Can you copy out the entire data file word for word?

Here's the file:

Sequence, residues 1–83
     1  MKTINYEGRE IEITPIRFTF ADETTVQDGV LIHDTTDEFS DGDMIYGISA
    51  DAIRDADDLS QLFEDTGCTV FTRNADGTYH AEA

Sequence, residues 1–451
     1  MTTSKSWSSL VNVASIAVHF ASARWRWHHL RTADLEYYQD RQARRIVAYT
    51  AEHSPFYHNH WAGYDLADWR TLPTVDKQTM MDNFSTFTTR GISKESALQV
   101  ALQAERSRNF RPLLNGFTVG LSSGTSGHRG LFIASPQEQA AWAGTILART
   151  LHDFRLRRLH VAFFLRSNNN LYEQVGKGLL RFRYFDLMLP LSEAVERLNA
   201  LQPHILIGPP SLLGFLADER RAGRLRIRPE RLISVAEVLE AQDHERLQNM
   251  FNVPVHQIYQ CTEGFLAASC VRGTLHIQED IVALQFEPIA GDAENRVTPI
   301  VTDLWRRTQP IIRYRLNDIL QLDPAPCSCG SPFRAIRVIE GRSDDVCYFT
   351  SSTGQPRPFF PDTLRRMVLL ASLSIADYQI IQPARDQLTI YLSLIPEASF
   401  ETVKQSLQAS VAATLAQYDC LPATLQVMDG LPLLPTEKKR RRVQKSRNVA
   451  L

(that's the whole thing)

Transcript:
Sequence, residues 1–83
     1  MKTINYEGRE IEITPIRFTF ADETTVQDGV LIHDTTDEFS DGDMIYGISA
    51  DAIRDADDLS QLFEDTGCTV FTRNADGTYH AEA

Sequence, residues 1–451
     1  MTTSKSWSSL VNVASIAVHF ASARWRWHHL RTADLEYYQD RQARRIVAYT
    51  AEHSPFYHNH WAGYDLADWR TLPTVDKQTM MDNFSTFTTR GISKESALQV
   101  ALQAERSRNF RPLLNGFTVG LSSGTSGHRG LFIASPQEQA AWAGTILART
   151  LHDFRLRRLH VAFFLRSNNN LYEQVGKGLL RFRYFDLMLP LSEAVERLNA
   201  LQPHILIGPP SLLGFLADER RAGRLRIRPE RLISVAEVLE AQDHERLQNM
   251  FNVPVHQIYQ CTEGFLAASC VRGTLHIQED IVALQFEPIA GDAENRVTPI
   301  VTDLWRRTQP IIRYRLNDIL QLDPAPCSCG SPFRAIRVIE GRSDDVCYFT
   351  SSTGQPRPFF PDTLRRMVLL ASLSIADYQI IQPARDQLTI YLSLIPEASF
   401  ETVKQSLQAS VAATLAQYDC LPATLQVMDG LPLLPTEKKR RRVQKSRNVA
   451  L